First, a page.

On Tue, Apr 10, 2018 at 04:15:46PM +0200, Martin Bjorklund wrote:
> > 
> > Yes, the checksum (which I think is actually a version identifier).
> > Anyway, the question is whether a client can draw any conclusions from
> > seeing YANG library instances with the same checksum and whether a
> > client must simpy treat this as a clash. If multiple mounted schemas
> > have the same YANG library, then reading one of them would be
> > sufficient. The question is whether the checksum is a tool for
> > deciding whether a YANG library is similar to an already known one or
> > whether a client must not make this assumption, i.e., a checksum is
> > always scoped to the YANG library instance and you have to read them
> > all.
> Options:
> 1.  Be silent about the YL checksum in this document.
> 2.  State that the server MUST ensure that if two mounted YL
>     instances have the same checksum, then the YL contents MUST be
>     the same.
> 3.  State that just b/c the YL checksum is the same in two mounted
>     instances, it does not mean that the YL contents is the same.
> 4.  State that for use-schema, the YL contents and YL checksum MUST be
>     the samem but for inline, equal YL checksum is no guarantee for
>     equal YL contents.
> From a client perspective, 2 is preferrable.  It is probably not
> difficult to implement on a server either; except in the peer mount
> case where the data is just read from some device.

The more I think about it, it seems option 4. is the right thing to
> > > Yes you can mount NACM.  To keep things simple, I think the inner NACM
> > > should not affect the access control done in the parent.  Consider the
> > > use cases for this.  In a NI situation, it doesn't make much sense to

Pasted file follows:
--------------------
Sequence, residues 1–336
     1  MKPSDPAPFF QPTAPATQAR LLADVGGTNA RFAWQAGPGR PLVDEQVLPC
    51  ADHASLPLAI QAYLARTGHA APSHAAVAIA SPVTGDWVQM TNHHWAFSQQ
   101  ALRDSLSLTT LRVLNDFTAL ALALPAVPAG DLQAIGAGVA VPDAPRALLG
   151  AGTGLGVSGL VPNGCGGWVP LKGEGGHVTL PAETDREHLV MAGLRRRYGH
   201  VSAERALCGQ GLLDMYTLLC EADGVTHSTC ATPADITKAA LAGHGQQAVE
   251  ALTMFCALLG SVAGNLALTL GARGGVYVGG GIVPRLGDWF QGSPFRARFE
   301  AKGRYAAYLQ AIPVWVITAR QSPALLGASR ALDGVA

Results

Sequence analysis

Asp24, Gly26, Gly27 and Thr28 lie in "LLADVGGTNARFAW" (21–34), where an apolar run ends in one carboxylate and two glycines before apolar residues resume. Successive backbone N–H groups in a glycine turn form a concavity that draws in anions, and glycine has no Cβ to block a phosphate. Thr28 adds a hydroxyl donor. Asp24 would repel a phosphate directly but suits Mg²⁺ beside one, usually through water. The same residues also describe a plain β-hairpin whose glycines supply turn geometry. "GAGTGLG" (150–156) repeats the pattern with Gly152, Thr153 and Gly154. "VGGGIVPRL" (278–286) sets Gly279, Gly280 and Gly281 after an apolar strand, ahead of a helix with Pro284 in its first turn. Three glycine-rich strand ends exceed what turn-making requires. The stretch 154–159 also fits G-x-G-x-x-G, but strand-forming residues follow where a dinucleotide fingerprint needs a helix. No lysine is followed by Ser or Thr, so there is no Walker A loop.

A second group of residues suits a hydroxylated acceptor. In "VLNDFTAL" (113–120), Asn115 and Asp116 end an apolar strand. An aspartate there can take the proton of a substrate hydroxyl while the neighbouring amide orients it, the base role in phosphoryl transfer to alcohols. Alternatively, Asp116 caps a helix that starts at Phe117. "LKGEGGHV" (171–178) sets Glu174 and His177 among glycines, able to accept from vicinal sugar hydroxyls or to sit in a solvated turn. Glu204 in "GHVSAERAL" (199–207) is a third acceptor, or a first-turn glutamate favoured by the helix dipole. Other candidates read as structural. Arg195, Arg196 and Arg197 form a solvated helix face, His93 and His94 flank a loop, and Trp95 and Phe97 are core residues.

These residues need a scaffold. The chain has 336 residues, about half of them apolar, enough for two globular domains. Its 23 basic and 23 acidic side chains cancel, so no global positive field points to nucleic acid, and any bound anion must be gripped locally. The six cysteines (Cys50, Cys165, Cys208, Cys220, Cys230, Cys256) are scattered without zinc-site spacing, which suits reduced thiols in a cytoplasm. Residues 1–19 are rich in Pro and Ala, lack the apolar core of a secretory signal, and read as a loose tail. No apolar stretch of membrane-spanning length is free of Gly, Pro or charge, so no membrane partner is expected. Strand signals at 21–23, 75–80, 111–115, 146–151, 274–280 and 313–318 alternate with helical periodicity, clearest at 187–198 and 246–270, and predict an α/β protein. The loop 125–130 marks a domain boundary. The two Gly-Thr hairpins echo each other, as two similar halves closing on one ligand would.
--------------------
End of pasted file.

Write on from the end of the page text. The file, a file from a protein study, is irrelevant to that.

> > > mount NACM.  In an LNE (or in a "peer mount") situation, it may make
> > > sense to mount NACM if the LNE (or device) supports it.  In this case,
> > > if I try to access any mounted data in the parent, access is
> > > controlled by the parent.  If I have access, the parent may send a
> > > request over to the mounted device to read/write the data.  That
> > > device will use its local copy of NACM to control access, or some
> > > other mechanism.
> > 
> > In this scenarios, if the parent NACM grants access but the inner NACM
> > does not grant access, I assume I will not have access, right? So how
> > does this line up with "the inner NACM should not affect the access
> > control done in the parent"? Frankly, this is all a bit hypothetical
> > since we have no standards for doing peer mounts - and clearly not for
> > writable peer mounts. So probably the truth is that it is undefined
> > whether the inner NACM applies or not. Hm.
> But maybe this is something that needs to be handled when we define
> peer mount?  The question is if we need to add any text to this
> document?

I think it is sufficient to say that the server's NACM rules apply to
mounted data. (In the peer mount case, it should not matter whether
the peer's NACM is mounted or not, the peer's NACM applies anyway when
the peer is accessed - but it may be accessed a username identity that
is different from the username identity used to access the mounted


Juergen Schoenwaelder           Jacobs University Bremen gGmbH
Phone: +49 421 200 3587         Campus Ring 1 | 28759 Bremen | Germany
Fax:   +49 421 200 3103         <https://www.jacobs-university.de/>

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